Now, just because you had an injury to your knee, this does not mean that you need an X-Ray. Essentially, if you have just some type of trauma to your knee, and you have ANY of the above signs or symptoms from the Ottawa Knee Rules, an X-Ray of the knee is indicated to rule out any significant injuries. These rules are helpful because you do not ALWAYS need an X-Ray after an injury, but knowing when you do is helpful. It has been found within research that knee X-Rays are one of the most frequently ordered images in U.S. emergency departments. What is interesting is that out of 60% to 80% of patients who have knee pain have a knee X-Ray, about 90% of them will not have a fracture.
ACL And Meniscus Acute Injuries
Generally speaking, ACL and meniscus acute injuries are non-contact, and involve some type of twisting motion (more often meniscus) and/or an over-straightened (hyperextended) knee motion (more often ACL). Moreover, these injuries can frequently occur in tandem with one another, along with an MCL tear, which is known as a terrible triad injury. If you happened to be playing a sport, running, or doing a jumping activity and felt any sensation of a pop, followed by immediate swelling and significant pain, that is an indication you may have suffered an ACL or meniscus injury. In that instance, it is indicated to see a physical therapist or orthopedic specialist near you as quickly as possible to assist in the confirmation of a diagnosis as well as offer treatment plans.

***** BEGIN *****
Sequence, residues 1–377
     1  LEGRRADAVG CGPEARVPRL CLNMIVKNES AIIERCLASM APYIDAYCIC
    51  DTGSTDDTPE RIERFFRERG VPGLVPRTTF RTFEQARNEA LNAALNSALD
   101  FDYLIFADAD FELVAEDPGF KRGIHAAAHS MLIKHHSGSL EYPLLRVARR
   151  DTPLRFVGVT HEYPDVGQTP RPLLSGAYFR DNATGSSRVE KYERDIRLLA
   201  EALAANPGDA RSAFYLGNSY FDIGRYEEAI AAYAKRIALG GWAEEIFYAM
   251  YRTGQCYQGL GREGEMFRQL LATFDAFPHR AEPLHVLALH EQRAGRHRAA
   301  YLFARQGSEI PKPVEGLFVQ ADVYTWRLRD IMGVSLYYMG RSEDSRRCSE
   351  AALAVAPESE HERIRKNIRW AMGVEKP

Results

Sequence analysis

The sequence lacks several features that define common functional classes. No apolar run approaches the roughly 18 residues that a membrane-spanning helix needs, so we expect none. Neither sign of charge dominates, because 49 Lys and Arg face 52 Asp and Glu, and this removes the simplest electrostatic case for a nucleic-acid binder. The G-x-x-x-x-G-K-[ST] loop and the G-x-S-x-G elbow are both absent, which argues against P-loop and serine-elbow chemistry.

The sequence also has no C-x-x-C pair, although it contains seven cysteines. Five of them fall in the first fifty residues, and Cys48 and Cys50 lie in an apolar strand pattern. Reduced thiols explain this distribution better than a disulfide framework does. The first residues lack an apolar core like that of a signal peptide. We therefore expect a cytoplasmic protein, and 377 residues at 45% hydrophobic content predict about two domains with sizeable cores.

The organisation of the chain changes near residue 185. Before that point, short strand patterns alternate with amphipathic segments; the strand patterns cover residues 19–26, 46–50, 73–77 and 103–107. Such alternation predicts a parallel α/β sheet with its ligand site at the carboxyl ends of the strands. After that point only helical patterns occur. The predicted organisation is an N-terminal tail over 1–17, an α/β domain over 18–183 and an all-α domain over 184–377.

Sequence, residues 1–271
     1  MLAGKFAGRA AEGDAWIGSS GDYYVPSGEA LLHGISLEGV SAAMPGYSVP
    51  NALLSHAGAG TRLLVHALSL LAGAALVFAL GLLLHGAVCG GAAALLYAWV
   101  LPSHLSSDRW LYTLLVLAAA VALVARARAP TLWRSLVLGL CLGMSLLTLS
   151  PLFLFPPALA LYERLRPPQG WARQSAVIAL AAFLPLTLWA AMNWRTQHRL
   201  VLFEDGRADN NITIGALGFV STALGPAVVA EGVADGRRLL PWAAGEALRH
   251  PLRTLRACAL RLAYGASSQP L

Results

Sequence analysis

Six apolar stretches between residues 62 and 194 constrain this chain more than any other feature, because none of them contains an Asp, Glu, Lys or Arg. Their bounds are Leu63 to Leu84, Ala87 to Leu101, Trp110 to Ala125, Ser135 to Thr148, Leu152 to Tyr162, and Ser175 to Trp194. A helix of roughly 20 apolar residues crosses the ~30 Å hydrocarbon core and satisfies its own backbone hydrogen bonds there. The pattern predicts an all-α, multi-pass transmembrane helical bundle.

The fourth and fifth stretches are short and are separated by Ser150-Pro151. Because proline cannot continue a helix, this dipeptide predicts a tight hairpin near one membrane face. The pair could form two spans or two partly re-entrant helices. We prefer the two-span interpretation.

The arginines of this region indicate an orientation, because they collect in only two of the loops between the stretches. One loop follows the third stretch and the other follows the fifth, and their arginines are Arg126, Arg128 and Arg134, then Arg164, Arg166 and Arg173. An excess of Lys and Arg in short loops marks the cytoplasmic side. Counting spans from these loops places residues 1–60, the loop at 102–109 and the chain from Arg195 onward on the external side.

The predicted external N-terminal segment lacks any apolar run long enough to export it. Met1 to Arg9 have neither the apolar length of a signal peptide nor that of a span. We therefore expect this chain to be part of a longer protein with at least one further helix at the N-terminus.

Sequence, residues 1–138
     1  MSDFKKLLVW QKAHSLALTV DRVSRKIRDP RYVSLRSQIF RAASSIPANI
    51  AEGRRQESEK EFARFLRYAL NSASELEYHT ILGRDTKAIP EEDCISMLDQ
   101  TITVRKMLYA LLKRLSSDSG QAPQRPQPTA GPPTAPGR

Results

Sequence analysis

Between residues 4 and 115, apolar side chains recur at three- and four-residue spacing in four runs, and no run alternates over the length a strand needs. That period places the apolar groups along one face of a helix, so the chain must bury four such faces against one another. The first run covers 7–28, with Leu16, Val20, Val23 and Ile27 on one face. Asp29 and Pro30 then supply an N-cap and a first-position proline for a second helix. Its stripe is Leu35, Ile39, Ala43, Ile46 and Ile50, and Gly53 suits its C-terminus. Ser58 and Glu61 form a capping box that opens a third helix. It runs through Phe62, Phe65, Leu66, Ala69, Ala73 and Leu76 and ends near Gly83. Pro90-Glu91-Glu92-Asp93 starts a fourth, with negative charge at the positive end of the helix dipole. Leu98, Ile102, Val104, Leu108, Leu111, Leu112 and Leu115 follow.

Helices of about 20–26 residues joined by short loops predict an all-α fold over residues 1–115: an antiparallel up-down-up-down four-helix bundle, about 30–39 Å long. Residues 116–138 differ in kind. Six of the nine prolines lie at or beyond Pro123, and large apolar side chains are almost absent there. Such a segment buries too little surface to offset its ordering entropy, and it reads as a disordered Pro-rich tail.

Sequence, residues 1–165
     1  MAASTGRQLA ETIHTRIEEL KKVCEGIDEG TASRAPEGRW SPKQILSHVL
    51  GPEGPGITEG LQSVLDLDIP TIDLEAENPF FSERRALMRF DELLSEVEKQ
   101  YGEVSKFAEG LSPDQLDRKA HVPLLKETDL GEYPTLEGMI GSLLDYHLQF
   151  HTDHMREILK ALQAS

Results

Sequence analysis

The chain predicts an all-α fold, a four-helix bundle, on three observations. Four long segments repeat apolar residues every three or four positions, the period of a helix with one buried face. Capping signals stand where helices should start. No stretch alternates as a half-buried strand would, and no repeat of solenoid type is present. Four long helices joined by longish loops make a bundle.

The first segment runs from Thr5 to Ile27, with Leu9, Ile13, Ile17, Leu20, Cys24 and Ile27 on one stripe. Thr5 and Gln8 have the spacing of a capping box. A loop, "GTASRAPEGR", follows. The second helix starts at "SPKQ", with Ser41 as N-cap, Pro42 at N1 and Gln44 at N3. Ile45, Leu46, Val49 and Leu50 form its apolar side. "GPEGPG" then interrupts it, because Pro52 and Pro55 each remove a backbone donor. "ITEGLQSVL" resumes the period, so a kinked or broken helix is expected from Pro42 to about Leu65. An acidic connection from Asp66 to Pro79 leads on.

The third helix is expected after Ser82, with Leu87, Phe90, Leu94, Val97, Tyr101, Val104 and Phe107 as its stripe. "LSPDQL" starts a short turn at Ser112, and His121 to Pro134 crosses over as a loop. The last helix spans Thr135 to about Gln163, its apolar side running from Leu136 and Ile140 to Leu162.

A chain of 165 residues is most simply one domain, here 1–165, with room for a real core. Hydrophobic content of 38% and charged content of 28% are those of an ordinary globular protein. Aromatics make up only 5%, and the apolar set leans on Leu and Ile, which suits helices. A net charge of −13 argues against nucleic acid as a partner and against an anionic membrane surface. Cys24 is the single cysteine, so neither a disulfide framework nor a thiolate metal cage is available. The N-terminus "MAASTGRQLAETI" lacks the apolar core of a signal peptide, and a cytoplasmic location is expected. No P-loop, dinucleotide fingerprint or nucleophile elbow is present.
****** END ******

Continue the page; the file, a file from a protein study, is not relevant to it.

Specifically for the meniscus, if you feel that your knee sometimes will lock in place, particularly in a bent position, and you have a difficult time straightening your knee from this position, this is an indication that you should seek medical treatment. This may indicate you have a specific type of meniscus tear, known as a bucket handle tear, which often needs treatment from an orthopedic surgeon. More often, individuals will experience ‘pseudo-locking’ of their knee, which is when the knee may have a sensation of locking temporarily, but individuals can move the knee back and forth and it will eventually unlock.
If you want to learn more about the ACL and the meniscus, check out these other awesome articles we have:
There are cases in which individuals can cope with ACL or meniscus tears. This will be dependent on the extent of the tear, the life demands of an individual, the individual’s goals, tissue healing, and level of function. Both the meniscus (which is made up of articular cartilage), as well as the ACL has poor blood supply. Oftentimes, the torn part of the meniscus can be cut (meniscectomy), and an individual can walk out of surgery the same day, often times feeling “back to normal” within 2 months of focused rehab! Also, younger individuals tend to have tears to the red zone of the meniscus, where blood supply is more available, therefore surgical repair may be more successful. On the contrary, more elderly individuals with chronic, degenerative tears usually sustain them towards the white zone, where blood supply is sparse to none, and therefore less amenable to a repair. If an aforementioned bucket handle tear has occurred, a repair may be indicated, which has a much longer prognosis than a meniscectomy.